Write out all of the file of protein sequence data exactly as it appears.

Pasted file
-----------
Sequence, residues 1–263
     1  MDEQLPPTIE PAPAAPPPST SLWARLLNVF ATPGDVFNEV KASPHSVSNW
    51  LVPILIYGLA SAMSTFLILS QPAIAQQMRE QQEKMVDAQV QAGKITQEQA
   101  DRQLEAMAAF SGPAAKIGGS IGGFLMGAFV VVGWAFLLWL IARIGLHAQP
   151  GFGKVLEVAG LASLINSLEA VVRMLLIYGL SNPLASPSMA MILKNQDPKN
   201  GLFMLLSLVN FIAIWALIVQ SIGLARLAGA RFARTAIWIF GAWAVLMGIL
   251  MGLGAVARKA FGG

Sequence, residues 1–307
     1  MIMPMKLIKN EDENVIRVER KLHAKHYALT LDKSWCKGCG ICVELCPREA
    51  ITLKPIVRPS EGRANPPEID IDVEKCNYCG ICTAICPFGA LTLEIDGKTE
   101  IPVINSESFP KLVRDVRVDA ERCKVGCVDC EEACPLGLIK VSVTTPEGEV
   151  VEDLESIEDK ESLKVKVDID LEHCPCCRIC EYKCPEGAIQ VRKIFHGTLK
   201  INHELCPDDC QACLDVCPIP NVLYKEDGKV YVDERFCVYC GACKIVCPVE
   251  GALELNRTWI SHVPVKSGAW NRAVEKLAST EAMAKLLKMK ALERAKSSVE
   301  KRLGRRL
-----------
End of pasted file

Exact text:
Sequence, residues 1–263
     1  MDEQLPPTIE PAPAAPPPST SLWARLLNVF ATPGDVFNEV KASPHSVSNW
    51  LVPILIYGLA SAMSTFLILS QPAIAQQMRE QQEKMVDAQV QAGKITQEQA
   101  DRQLEAMAAF SGPAAKIGGS IGGFLMGAFV VVGWAFLLWL IARIGLHAQP
   151  GFGKVLEVAG LASLINSLEA VVRMLLIYGL SNPLASPSMA MILKNQDPKN
   201  GLFMLLSLVN FIAIWALIVQ SIGLARLAGA RFARTAIWIF GAWAVLMGIL
   251  MGLGAVARKA FGG

Sequence, residues 1–307
     1  MIMPMKLIKN EDENVIRVER KLHAKHYALT LDKSWCKGCG ICVELCPREA
    51  ITLKPIVRPS EGRANPPEID IDVEKCNYCG ICTAICPFGA LTLEIDGKTE
   101  IPVINSESFP KLVRDVRVDA ERCKVGCVDC EEACPLGLIK VSVTTPEGEV
   151  VEDLESIEDK ESLKVKVDID LEHCPCCRIC EYKCPEGAIQ VRKIFHGTLK
   201  INHELCPDDC QACLDVCPIP NVLYKEDGKV YVDERFCVYC GACKIVCPVE
   251  GALELNRTWI SHVPVKSGAW NRAVEKLAST EAMAKLLKMK ALERAKSSVE
   301  KRLGRRL